For the store’s grand opening in Kalmia Plaza, the 14-year Sprint Cup driver met fans and signed his autograph on shirts, hats, posters, model race cars, pieces of real race cars – and even a Budweiser beer can.
Harvick, a regular at Ollie’s grand openings, drew a crowd of more than 250 who arrived by 7:30 a.m. to pick up tickets granting them access to meet him.
“I know that they had to have a count at the beginning to just make sure we didn’t go over capacity by the fire marshal,” said Micha Millwood, the store’s customer service supervisor.
Aiken residents Evelyn Morris and Chris Parnell went to the new store at 6:45 a.m. to grab a ticket. The couple, who live about five minutes away, returned about three hours later to secure their position in line. By then, the aisles were already packed and Morris had her eye on a product she wanted to buy.
“I saw a ceramic pot for one of my plants,” she said. “We’re excited to have a new discount store and another choice of where to shop.”
Ollie’s Bargain Outlet, founded in 1982, is a retailer that carries closeout items, excess name-brand inventory and salvage merchandise. The Harrisburg, Pa.-based retailer expects to expand its footprint to 180 stores by the end of 2014 and is adding Georgia stores in Macon and Atlanta within the next two months.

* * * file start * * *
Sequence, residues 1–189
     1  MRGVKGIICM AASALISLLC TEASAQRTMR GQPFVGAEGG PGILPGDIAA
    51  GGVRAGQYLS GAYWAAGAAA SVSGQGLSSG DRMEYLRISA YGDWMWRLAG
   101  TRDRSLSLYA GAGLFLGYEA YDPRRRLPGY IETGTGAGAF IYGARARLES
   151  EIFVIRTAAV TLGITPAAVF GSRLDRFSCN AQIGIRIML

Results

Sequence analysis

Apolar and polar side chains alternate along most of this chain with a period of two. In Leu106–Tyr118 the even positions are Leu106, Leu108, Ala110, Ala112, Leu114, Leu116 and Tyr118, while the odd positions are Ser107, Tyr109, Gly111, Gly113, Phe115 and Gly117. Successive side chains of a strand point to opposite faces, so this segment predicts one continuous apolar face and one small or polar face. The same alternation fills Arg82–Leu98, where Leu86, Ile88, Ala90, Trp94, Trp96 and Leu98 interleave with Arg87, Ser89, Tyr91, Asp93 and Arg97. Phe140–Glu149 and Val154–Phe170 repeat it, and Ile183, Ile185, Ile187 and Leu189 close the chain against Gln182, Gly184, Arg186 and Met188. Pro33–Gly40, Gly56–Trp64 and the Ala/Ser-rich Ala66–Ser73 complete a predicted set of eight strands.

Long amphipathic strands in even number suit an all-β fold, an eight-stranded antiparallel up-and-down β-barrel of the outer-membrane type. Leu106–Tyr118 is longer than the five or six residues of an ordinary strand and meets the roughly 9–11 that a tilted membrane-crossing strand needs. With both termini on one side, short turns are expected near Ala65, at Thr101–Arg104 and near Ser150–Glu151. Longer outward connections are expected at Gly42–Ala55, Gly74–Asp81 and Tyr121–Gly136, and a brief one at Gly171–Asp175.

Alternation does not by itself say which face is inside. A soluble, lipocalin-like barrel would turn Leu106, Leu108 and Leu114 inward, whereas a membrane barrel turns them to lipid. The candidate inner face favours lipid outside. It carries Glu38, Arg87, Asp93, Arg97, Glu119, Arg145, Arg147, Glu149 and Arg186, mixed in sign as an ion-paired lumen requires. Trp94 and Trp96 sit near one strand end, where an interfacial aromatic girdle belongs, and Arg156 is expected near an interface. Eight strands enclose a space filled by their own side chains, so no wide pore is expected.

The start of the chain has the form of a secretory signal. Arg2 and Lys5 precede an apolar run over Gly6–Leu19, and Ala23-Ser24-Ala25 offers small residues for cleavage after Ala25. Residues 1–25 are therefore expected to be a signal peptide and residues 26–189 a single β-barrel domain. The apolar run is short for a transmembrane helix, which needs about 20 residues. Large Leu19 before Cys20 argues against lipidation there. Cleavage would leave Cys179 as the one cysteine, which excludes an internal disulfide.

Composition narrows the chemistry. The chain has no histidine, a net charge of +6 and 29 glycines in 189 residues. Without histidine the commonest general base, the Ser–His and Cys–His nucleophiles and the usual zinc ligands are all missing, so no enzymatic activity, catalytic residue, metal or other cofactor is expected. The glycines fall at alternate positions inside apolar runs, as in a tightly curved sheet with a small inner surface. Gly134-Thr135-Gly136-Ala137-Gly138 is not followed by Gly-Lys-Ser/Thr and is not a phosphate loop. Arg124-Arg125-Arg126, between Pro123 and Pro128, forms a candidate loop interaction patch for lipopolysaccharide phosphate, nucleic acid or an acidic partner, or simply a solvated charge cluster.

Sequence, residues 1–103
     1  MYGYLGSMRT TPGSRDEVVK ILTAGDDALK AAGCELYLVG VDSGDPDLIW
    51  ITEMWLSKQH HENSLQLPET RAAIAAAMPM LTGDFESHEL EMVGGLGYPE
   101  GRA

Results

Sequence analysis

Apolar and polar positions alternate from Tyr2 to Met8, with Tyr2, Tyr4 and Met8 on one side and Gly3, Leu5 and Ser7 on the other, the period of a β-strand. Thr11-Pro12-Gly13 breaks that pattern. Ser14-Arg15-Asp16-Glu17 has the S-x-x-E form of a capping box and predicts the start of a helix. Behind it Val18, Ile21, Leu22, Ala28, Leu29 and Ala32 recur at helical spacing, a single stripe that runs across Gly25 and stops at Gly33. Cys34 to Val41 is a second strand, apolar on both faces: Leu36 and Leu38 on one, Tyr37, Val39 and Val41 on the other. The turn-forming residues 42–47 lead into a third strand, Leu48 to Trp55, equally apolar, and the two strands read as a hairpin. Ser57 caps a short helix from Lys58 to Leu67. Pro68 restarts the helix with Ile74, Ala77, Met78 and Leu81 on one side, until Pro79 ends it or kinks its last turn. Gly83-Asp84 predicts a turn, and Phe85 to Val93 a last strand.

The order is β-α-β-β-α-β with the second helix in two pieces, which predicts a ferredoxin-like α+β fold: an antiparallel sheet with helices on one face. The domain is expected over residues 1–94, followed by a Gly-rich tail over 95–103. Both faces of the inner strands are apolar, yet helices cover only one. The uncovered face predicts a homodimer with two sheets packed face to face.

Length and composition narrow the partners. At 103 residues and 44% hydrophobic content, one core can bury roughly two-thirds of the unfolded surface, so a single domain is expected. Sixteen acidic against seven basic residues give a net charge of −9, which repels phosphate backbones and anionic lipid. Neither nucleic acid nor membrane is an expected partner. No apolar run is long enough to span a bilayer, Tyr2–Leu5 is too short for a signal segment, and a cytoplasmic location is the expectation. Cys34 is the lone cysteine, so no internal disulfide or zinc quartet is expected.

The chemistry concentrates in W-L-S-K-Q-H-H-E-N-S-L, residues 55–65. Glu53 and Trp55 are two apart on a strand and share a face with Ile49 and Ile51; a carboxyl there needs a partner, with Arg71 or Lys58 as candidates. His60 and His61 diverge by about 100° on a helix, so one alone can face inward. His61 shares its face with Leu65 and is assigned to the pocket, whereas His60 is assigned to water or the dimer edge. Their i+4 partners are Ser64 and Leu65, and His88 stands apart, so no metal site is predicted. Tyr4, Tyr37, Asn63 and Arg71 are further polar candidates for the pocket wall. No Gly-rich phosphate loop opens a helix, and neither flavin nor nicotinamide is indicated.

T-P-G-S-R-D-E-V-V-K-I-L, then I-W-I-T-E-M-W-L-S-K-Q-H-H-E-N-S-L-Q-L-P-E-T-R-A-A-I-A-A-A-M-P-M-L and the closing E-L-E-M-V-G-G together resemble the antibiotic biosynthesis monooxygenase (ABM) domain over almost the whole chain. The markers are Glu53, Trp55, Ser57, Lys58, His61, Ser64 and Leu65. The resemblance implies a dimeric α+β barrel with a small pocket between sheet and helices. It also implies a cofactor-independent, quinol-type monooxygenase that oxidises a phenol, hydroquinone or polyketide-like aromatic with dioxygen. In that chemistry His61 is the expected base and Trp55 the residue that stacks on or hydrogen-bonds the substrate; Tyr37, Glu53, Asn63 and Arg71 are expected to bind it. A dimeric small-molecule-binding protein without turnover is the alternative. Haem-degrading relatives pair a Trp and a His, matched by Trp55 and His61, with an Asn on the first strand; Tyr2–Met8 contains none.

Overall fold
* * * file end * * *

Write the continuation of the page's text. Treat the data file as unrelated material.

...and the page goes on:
The Aiken store is at 1688 Richland Ave. W in the former Belk space that sat vacant for years. The 25,000-square-foot store employs about 50 associates and is split into a variety of departments, including grocery, housewares, apparel, furniture, flooring, electronics, toys and books.
Part of how the corporate office selects new store sites is by viewing the ZIP codes from customer purchases at one of its 167 stores nationwide, Millwood said.
“They see the need based on ZIP code capture,” she said.
Shopper Nancy Blackwell traveled from Grovetown to check out the store, and Valarie Brooks drove from Augusta.
Brooks said she had visited an Ollie’s in the Northeast and was excited when she heard a store was coming to Aiken.
“It’s worth the trip,” said Brooks, who had stuffed her cart with bed sheets, coffee cups, cleaning supplies and other merchandise.
Neighbors Cindy Benoit and Pat Sargent, of Aiken, said they were attracted to the grand opening for the deals and not for NASCAR.
“We like to see where there’s a bargain,” Benoit said. “If there’s a sale, we’re all over it. We’re trying to see how good the prices are going to be so we can compare them.
“And, they’re making use of a building that was vacant, so that’s good.”